The Marburg Colloquy (1529) may have been the best chance the Reformation ever had to reconcile the early German Lutheran and Swiss Reformed parties into a doctrinally unified Protestantism. Luther, Zwingli, and other leading voices on both sides were in attendance. As expected, the greatest point of contention at the conference was the Lord’s Supper. This made Luther’s performance during his opening argument all the more striking. After summarizing his convictions about the Supper, he pulled back the cloth on the table at which he and the other participants sat, wrote with a piece of chalk a few words in Latin, replaced the cloth, and resumed his seat.
Often during the ensuing debate, whenever Zwingli or another Swiss Reformed representative said something he didn’t agree with, Luther would repeat the Latin he had written under the tablecloth. At one point, when Zwingli pressed him particularly hard to give proof for his position, Luther threw back the cloth and read the words on the table aloud to Zwingli: Hoc est corpus meum, “This is my body,” which Jesus spoke over broken bread before distributing it to his disciples on the night he was betrayed.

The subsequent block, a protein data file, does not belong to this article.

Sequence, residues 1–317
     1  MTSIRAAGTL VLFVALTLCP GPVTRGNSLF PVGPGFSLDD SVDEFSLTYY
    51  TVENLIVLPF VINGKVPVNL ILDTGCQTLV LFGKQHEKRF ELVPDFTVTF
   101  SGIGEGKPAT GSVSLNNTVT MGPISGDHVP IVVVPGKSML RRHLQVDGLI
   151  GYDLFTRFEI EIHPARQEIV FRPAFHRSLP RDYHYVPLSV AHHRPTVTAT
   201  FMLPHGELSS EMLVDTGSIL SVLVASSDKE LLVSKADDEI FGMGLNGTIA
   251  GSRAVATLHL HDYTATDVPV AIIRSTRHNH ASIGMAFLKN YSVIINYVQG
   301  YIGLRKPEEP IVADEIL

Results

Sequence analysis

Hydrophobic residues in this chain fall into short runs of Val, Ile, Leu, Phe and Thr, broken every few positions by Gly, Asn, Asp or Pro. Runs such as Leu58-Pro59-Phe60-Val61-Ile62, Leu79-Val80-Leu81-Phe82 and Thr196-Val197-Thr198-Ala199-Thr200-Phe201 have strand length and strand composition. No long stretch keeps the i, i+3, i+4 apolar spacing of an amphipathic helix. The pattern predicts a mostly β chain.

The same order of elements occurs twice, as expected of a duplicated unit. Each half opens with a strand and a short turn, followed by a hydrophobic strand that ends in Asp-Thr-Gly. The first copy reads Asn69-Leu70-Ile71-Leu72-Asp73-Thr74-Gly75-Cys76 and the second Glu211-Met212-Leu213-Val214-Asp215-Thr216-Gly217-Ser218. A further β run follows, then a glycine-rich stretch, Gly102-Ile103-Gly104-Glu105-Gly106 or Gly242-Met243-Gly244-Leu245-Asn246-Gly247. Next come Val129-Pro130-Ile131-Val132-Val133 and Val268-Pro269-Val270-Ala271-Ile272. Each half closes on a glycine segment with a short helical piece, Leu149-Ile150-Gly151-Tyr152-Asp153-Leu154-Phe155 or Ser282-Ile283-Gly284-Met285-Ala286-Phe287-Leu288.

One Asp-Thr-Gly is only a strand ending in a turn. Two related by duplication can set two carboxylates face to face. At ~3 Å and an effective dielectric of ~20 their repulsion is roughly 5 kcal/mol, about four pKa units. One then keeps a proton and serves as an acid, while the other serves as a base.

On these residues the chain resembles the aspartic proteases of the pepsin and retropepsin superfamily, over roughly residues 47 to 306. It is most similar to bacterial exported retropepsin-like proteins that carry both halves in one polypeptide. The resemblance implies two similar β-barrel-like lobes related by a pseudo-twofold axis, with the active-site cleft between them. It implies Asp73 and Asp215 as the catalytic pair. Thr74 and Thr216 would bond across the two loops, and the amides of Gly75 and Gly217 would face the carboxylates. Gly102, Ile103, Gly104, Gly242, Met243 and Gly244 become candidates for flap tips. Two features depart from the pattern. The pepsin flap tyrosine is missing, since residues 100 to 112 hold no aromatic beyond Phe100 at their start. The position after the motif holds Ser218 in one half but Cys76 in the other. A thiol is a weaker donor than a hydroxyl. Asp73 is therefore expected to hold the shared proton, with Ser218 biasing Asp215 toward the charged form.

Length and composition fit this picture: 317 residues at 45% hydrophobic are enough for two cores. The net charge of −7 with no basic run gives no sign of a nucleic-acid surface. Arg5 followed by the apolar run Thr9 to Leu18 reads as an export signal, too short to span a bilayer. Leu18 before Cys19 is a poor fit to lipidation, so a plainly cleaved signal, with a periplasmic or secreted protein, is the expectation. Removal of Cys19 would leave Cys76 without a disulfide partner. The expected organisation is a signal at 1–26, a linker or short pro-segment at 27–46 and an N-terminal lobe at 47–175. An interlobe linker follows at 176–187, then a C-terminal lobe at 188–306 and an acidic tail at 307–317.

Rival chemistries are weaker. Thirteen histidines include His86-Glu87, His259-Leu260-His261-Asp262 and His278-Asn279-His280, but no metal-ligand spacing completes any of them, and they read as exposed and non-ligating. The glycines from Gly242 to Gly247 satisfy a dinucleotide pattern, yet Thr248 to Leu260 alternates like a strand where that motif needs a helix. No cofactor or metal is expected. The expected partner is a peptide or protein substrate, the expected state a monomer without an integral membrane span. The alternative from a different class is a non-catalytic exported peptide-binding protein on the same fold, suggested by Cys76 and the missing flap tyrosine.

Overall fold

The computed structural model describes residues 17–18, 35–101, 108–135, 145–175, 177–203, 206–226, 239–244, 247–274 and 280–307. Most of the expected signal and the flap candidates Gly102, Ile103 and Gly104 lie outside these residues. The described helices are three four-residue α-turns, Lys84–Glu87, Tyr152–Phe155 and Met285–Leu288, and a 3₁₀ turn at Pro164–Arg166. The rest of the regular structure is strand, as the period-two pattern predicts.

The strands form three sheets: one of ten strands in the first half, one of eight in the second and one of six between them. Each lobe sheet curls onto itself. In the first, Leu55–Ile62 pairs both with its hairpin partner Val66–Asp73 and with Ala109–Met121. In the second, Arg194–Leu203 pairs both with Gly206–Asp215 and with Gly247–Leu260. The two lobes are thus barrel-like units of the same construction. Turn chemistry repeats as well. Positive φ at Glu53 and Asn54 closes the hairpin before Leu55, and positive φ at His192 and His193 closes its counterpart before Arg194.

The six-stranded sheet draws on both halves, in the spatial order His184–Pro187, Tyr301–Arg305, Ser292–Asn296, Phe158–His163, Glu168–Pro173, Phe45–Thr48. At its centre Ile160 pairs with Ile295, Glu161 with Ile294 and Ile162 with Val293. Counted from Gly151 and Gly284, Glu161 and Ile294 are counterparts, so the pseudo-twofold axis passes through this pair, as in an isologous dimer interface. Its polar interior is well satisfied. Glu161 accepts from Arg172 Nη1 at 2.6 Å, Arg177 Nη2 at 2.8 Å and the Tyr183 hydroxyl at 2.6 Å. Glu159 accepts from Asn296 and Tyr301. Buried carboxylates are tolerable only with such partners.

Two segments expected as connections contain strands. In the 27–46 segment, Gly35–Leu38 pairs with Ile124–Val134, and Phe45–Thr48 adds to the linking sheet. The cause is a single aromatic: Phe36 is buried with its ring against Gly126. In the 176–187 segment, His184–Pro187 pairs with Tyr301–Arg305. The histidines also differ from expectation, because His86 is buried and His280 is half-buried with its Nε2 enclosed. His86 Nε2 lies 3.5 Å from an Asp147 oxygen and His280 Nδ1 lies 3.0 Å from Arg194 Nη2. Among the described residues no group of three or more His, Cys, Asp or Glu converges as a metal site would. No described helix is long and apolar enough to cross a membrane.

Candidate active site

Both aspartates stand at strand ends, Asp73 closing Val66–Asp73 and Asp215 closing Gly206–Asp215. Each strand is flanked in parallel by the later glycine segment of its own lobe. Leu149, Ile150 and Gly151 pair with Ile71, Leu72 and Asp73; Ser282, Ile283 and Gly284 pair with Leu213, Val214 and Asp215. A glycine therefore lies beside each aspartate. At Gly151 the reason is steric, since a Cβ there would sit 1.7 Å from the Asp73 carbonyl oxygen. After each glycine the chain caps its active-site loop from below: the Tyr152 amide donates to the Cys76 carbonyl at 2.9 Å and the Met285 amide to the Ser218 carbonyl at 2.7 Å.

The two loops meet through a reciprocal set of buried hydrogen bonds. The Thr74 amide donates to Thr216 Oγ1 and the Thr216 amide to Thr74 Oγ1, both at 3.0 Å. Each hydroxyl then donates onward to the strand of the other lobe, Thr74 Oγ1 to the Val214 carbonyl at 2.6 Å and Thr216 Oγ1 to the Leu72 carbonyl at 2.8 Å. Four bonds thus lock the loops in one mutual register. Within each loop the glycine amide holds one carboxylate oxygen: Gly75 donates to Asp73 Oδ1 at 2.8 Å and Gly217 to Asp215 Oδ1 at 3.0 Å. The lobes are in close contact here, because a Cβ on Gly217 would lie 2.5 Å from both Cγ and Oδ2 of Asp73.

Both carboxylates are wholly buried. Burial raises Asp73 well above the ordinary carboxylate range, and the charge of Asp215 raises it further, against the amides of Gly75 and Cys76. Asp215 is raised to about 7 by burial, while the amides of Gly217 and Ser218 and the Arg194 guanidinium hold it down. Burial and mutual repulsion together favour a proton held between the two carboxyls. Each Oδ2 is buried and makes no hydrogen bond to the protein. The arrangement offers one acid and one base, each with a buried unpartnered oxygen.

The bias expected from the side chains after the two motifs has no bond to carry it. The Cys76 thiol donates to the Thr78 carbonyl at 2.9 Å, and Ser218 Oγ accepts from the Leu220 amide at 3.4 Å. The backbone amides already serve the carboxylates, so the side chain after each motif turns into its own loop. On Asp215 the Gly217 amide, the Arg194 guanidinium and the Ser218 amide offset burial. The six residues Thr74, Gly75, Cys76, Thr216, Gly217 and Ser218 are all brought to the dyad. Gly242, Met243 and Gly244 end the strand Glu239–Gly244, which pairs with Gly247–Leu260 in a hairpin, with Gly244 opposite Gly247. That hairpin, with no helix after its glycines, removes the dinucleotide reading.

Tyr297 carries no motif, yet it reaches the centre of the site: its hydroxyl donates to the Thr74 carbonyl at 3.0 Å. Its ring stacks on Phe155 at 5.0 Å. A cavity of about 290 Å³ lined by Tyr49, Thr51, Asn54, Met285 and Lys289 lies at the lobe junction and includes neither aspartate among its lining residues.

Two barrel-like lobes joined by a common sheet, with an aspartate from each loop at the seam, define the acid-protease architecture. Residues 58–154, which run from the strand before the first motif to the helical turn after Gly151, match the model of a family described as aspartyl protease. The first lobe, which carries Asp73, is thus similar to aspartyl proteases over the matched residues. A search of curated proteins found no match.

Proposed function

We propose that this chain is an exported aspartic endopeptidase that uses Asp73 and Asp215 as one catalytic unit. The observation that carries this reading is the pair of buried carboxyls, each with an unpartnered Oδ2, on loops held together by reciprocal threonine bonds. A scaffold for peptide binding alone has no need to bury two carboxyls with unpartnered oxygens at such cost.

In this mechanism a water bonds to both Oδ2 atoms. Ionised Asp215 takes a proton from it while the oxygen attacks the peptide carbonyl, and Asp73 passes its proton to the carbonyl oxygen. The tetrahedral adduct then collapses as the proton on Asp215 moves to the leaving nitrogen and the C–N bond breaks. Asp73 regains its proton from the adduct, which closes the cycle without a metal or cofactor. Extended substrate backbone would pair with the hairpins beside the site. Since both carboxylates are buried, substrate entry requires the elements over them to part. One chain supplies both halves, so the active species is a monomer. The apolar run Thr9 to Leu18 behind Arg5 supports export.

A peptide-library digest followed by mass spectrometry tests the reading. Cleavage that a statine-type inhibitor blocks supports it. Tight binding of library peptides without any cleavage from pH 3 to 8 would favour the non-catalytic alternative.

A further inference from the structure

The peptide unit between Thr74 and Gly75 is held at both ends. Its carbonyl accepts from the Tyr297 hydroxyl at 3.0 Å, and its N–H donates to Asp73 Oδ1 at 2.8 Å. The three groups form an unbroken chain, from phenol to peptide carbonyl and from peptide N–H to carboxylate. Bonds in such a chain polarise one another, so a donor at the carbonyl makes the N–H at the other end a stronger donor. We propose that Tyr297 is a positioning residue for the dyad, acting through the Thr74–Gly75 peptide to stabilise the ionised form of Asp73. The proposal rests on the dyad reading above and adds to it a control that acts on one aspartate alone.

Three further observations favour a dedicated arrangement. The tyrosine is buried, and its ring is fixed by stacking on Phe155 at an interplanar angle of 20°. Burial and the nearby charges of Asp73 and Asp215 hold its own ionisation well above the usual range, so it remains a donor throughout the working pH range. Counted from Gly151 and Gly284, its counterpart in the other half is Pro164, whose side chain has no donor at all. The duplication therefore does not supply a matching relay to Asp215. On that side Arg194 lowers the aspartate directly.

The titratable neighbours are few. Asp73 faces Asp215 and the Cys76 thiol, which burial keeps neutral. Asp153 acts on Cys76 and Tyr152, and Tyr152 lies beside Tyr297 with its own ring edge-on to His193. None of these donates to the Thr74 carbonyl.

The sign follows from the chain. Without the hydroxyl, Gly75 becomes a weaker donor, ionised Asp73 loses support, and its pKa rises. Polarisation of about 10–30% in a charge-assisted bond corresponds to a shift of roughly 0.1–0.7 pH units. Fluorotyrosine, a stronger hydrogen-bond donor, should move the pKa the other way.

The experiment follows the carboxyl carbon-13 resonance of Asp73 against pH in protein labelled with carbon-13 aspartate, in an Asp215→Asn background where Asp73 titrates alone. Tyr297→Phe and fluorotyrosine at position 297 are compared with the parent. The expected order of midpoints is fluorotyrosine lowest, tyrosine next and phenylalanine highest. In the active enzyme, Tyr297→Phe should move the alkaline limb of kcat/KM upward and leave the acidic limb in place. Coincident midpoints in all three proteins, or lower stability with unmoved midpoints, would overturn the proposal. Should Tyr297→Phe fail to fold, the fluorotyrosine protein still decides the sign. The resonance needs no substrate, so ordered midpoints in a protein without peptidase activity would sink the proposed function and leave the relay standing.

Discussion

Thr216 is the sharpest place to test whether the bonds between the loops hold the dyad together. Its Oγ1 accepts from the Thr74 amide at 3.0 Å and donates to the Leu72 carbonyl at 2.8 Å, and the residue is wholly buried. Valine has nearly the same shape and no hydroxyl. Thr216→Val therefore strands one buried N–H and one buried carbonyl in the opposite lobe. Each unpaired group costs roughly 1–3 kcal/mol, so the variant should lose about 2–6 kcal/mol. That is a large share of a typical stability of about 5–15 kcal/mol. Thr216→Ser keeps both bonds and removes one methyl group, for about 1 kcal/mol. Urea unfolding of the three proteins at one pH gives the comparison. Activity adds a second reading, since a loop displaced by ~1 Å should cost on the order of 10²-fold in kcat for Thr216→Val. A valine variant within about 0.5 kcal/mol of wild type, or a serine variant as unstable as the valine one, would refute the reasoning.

The Marburg Colloquy ended without reconciliation.* Over the ensuing five centuries, the conference was endlessly relitigated among Protestants, seemingly without much real progress beyond where things had stood in 1529. Luther has been accused of being unreasonable at Marburg just as often as the Swiss have been accused of being too reasonable (in the sense of relying too much on human reason to plumb the depths of divine mystery). As with so many things, the truth is likely somewhere in the middle. Luther was justified in doubling down on his confidence in the express word of God—“This is my body”—rather than human judgment. It was the Serpent, after all, who first sowed doubt in God’s promises by asking, “Did God really say?” (Gen. 3:1). For Luther, if God says it, that settles it. The Swiss Reformed were likewise justified in their frustration at Luther’s obstinate unwillingness to reason together (or, apparently, to give them any benefit of the doubt that they too could fully trust God’s word without fully agreeing with him).
Our theme for this issue is “This Is My Body.” We approach the Supper in particular, and the sacraments in general, from historical, theological, and pastoral angles. We also feature our own colloquy of sorts, with an excerpt of a classic White Horse Inn broadcast featuring Lutheran, Anglican, Reformed, and Baptist hosts sharing their perspectives on the nature and meaning of the Supper. Although they disagree with one another, I think you’ll concur that they show just the right amount of reasonableness in doing so.
Although the interconfessional conversations we host here in the pages of Modern Reformation may not be as momentous as Marburg, I dare say we’re making progress in mutual understanding and charity nonetheless.
Brannon Ellis Executive Editor